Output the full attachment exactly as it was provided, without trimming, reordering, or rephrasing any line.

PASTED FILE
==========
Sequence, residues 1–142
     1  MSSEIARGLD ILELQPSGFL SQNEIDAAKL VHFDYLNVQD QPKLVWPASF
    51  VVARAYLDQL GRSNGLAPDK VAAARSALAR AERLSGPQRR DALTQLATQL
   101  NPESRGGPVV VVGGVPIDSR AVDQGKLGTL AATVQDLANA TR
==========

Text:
Sequence, residues 1–142
     1  MSSEIARGLD ILELQPSGFL SQNEIDAAKL VHFDYLNVQD QPKLVWPASF
    51  VVARAYLDQL GRSNGLAPDK VAAARSALAR AERLSGPQRR DALTQLATQL
   101  NPESRGGPVV VVGGVPIDSR AVDQGKLGTL AATVQDLANA TR